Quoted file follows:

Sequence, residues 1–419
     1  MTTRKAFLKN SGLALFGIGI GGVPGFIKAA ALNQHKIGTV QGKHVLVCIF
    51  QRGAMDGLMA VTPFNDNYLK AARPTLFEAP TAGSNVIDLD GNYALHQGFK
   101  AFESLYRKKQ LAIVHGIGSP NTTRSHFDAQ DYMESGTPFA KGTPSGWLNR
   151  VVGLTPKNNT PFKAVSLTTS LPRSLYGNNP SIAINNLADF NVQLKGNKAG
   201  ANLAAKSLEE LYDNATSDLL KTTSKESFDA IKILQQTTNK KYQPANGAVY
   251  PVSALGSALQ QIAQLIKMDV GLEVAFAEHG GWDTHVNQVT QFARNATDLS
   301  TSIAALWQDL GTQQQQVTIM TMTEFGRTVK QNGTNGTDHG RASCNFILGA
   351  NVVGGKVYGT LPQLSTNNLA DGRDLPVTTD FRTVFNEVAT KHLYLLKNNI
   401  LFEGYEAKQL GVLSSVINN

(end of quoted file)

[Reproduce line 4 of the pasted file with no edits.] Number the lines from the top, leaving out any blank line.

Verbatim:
   101  AFESLYRKKQ LAIVHGIGSP NTTRSHFDAQ DYMESGTPFA KGTPSGWLNR